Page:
Julbo Contest Review

Apparel Pro Reviews

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The Julbo Contest is a pretty amazing pair of sunglasses. They are comfortable, fog free, durable, scratch resistant, and offer excellent wind protection, great varying light capabilities and superb optical clarity. During my six months of use while mountain biking, they have become my loyal companion, and have been in hideous rain and wind storms, suffered ill treatment, and have dealt with every light and temperature and terrain condition possible. Throughout all these situations and environments, they have continued to hold true to all of their excellent features and functions.

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Julbo History
Julbo was founded in 1888 by Jules Baud in a little town close to Morez France, which resides in the Jura Mountains. The company has 70 employees, and is wholly owned by the Baud family, and is currently run by the brothers Christophe and Matthew. They originally started out making optical (corrective) lenses, but they evolved into sunglasses and action sports wear. In 1950 Julbo was the first company to produce true mountaineering glasses (the Vermont Round), so they have a rich history in high altitude optics.

Julbo Contest
The Julbo Contest uses a Lifestyle frame type, being more stylish and sporty. Instead of the atypical skinny frame, it utilizes a wide section by the hinge and temple, which offers additional side protection from sunlight and wind. The hinged wraparound frames have a nice sculptured curve, and has soft rubber shock absorbing material for the nose and ears, offering grip while doing athletic movement. I tested the Zebra lens version of the Contest, which is made from the near indestructible NXT, and offers anti-fogging, impact resistance and light-sensitive Photochromic features. The Contest comes in several versions and colors, the Zebra (NXT, Photochromic 2-4, Antifog) in White and Black, and Interchangeable X3 (Spectron 3+, Spectron 1, Spectron 0) in Black, and they all come with a nice zippered soft case to carry, and protect them.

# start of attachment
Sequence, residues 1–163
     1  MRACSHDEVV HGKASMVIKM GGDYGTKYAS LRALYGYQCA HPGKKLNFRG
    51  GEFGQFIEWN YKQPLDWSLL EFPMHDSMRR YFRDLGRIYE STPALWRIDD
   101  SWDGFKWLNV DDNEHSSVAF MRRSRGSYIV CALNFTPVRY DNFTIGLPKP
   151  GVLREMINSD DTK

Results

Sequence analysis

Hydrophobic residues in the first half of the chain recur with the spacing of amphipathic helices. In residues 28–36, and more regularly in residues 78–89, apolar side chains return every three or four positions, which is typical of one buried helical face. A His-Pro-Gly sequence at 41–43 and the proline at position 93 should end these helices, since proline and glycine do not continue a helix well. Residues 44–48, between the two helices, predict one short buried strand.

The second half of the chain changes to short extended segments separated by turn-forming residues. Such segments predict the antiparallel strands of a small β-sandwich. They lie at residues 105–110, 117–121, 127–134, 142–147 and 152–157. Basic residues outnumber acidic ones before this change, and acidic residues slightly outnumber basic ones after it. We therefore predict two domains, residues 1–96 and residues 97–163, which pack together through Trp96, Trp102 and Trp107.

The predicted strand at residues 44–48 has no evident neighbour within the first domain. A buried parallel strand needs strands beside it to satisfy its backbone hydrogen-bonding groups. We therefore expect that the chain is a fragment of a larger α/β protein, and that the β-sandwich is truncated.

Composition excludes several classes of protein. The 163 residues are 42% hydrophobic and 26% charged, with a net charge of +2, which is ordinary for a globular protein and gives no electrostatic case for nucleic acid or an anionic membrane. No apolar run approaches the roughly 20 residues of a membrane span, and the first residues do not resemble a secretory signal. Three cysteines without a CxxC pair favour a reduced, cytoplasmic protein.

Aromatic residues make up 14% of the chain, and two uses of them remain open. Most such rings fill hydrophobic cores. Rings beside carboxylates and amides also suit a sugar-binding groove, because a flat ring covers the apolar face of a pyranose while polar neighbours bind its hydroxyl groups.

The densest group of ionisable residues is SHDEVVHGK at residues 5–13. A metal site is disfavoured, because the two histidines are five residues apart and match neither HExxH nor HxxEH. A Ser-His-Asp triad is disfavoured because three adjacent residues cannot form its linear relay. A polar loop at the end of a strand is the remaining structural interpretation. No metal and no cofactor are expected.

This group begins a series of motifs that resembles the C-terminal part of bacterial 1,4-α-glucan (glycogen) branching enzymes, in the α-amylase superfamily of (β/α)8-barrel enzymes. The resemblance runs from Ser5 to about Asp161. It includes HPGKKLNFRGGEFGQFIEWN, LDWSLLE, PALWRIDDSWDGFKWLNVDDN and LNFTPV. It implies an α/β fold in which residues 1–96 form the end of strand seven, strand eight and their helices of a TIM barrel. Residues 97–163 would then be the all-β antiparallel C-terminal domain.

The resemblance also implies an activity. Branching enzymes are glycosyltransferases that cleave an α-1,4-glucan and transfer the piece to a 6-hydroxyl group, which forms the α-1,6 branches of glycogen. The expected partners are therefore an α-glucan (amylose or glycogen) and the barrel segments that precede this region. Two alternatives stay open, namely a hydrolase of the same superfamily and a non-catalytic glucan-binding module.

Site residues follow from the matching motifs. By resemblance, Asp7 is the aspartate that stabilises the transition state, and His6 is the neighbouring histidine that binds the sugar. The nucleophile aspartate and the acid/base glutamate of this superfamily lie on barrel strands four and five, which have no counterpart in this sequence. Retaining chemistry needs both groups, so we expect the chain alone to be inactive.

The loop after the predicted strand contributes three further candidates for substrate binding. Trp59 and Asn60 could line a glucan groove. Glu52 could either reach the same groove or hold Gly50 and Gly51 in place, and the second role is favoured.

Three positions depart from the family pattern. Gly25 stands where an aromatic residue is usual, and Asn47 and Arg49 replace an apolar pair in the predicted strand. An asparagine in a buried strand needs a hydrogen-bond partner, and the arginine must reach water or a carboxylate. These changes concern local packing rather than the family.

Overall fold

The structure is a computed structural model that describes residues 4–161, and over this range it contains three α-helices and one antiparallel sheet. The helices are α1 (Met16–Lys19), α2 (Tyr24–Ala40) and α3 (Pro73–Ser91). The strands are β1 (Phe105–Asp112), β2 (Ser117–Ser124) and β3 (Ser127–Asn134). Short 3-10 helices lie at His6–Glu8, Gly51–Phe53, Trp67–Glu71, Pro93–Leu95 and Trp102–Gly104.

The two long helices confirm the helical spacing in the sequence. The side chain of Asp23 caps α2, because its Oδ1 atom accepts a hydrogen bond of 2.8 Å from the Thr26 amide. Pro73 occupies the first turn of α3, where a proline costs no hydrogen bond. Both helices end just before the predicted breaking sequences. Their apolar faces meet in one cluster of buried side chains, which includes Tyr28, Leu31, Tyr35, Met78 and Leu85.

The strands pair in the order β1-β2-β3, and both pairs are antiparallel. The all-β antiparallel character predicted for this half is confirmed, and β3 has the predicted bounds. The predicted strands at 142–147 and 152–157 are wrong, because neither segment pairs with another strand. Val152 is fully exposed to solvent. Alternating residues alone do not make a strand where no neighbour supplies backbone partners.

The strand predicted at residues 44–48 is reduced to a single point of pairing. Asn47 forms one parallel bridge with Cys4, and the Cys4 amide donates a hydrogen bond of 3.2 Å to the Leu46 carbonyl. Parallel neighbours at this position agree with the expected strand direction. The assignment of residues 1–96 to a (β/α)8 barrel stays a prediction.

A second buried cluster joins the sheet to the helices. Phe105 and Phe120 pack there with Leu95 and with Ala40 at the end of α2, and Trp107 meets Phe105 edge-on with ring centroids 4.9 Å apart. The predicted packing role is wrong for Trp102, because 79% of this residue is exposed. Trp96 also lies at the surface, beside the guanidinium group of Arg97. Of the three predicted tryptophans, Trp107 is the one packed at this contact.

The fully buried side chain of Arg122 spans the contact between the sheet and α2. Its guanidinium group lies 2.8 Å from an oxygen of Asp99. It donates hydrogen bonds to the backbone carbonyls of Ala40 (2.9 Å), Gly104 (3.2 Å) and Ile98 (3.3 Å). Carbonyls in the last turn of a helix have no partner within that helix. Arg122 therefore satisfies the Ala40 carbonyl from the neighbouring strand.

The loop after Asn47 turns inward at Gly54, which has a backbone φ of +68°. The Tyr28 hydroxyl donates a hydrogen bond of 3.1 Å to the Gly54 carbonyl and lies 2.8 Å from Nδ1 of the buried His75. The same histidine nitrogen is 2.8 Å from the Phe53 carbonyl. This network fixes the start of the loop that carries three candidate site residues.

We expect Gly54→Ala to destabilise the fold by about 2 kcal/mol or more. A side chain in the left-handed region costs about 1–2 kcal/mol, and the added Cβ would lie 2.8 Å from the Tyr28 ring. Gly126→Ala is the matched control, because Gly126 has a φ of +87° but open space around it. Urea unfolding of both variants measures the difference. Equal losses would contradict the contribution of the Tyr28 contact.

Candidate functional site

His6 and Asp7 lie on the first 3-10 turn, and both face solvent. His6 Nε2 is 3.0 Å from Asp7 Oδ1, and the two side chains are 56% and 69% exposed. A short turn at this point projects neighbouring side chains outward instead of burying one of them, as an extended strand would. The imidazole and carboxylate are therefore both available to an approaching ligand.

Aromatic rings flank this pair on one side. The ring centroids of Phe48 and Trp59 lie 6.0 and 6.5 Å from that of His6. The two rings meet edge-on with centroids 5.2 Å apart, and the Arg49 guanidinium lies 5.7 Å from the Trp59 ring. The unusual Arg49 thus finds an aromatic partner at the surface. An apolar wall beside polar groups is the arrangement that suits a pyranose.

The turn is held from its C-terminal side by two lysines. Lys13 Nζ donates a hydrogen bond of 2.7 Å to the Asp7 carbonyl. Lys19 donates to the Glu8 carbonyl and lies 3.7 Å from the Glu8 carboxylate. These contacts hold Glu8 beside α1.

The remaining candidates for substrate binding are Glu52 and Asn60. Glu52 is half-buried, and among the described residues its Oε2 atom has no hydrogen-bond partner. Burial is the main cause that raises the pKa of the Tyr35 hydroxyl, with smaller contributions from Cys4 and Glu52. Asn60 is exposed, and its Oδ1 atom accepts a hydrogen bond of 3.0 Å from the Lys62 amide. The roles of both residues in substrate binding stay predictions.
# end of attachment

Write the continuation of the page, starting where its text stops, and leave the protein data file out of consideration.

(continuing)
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Measured Specs

  • Weight: 38.2 grams ( 1.35 ounces)
  • Lens size: 41 mm x 67 mm ( 1 5/8 x 2 5/8 inches)
  • Arm Length: 71 mm ( 4 3/4 inches)
  • Frame Width: 140 outer mm ( 5 1/2 inches) inner 130mm mm ( 5 1/8 inches)

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Zebra Photochromic Len
The Contest use’s Julbo’s Zebra photochromic lens made from the unbreakable, lightweight and very transparent NXT lenses. They quickly darken with a light brownish tint or lighten with an amber tint depending on light intensity, and have an anti-fog coating that has been laser etched into them. Per Julbo fodder “adapts to varying light conditions from Category 2 (59-percent visible light coverage) in low light conditions to Category 4 (95-percent visible light coverage) in powerful light in as little as 30 seconds”.

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NXT Lens
The NXT polymer technology was born of the successful efforts to develop advanced transparent armor for U.S. Army helicopters. Commercial applications for this new polymer material led to the production of lenses and shields for sunglasses and sport eye wear. The NXT lens is manufactured by pouring resin into a low-temperature glass molds. This reduces the tension in the material and gives better optical quality, excellent transparency and improved long-term stability. The NXT lens meets the ANSI Z87.1 standard for industrial application impacts, meaning it must withstand a pointed 17.6 ounce projectile dropped from a height of 50 inches, and 1/4 inch steel ball traveling at 150 ft/sec! I did not test either compliance, but I am glad it can take a wallop. Julbo lenses offer 100% protection against sunlight UV types, which include UVA’s, UVB’s, and UVC’s.

For some in-depth fodder on Sun and Eyes, refer to http://reviews.mtbr.com/blog/sunsunlight-101-and-human-eyes-101/

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About the author: Brian Mullin

Brian has been part of the Mtbr team since 2007, where he has become an integral member of the review and test staff, specializing in technical articles. He likes to push the limits in all the sports he obsesses in, whether it's mountain biking, whitewater kayaking, extreme skiing, or sport climbing. He takes those same strengths and a good dose of insanity to his reviewing and writing on mountain biking products, creating technical, in-depth and hyperbolic articles. Whenever he's not on the bike, he might be found watching MotoGP racing, otherwise look for him out on extremely technical singletrack.


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